At the beginning of May, Prime Minister Shinzo Abe expressed a willingness to meet with North Korean leader Kim Jong Un “without conditions.” In an exclusive interview with Abe at the time, the Sankei Shimbun called this a “bold and decisive move.” More than two months later, however, the first Japan-North Korea summit in 15 years shows no sign of happening. Critics claim that Japan is “out of the loop” on the North Korean problem.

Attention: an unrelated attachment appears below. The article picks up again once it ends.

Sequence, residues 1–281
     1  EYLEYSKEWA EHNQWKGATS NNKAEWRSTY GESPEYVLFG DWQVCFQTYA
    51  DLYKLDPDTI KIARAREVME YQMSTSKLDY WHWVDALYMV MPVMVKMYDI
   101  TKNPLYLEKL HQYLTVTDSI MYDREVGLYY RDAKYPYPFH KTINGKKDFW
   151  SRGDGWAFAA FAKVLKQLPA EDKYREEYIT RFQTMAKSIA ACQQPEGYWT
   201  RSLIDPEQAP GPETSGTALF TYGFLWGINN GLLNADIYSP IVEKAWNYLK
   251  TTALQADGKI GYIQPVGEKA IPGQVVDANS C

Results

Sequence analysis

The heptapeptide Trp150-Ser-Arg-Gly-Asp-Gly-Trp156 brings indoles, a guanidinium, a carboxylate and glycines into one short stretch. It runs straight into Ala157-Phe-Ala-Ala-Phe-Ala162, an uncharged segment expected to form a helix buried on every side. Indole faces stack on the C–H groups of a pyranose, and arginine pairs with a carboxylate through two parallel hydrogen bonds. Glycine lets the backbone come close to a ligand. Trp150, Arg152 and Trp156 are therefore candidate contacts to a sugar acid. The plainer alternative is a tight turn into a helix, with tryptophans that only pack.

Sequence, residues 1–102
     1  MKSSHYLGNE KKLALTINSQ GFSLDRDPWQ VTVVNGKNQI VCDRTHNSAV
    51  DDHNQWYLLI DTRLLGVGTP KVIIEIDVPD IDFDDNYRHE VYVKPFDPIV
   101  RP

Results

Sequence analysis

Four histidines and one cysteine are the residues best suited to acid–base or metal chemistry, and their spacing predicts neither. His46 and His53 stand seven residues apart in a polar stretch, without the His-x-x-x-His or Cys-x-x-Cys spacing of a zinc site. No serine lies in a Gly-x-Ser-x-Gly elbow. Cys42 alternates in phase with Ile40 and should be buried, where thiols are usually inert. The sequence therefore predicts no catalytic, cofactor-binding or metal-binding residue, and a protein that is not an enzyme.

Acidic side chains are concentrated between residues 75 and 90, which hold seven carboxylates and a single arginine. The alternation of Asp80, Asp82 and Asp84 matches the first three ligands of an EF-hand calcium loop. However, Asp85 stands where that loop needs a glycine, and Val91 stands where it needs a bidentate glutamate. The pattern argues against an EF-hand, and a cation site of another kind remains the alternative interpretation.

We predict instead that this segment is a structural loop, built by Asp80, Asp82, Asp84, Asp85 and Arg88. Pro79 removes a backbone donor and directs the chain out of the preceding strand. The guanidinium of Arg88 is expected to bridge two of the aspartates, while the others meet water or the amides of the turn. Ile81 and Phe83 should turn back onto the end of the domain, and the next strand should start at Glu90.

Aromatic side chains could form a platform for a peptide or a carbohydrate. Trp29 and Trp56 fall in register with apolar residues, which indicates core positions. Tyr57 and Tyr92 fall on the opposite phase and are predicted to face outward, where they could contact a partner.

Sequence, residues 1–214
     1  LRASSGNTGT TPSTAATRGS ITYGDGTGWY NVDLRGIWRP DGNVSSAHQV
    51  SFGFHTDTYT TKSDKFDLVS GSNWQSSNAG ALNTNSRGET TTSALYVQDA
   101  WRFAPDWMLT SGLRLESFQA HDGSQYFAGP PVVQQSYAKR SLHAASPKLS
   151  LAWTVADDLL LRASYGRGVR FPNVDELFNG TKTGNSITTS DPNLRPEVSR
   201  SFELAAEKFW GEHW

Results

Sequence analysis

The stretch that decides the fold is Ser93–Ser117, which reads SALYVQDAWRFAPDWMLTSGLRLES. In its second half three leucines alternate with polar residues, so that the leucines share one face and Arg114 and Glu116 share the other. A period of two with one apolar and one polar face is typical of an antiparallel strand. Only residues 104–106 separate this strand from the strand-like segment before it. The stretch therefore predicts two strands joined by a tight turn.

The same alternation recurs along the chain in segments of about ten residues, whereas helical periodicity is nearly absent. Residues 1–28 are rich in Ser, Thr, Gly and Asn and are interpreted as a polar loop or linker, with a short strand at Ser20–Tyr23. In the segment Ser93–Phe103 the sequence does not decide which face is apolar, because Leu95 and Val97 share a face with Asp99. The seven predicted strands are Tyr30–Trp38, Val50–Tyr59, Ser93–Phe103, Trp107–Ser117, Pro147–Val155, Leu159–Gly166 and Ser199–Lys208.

On June 2, a spokesperson for the Korea Asia-Pacific Peace Committee, an organization controlled by North Korea’s United Front Department, rejected Abe’s proposal to engage in dialogue without preconditions as a “brazen-faced suggestion on the part of the Abe administration as Japan continues to commit wrongdoings in North Korea.” Chinese President Xi Jinping communicated Abe’s wish when he visited Pyongyang in June, but the only response forthcoming from the North Korean leader was that it has been “noted.” The shift in Abe’s policy from calling for “maximum pressure” on North Korea and ruling out “dialogue for dialogue’s sake” continues to be in vain.

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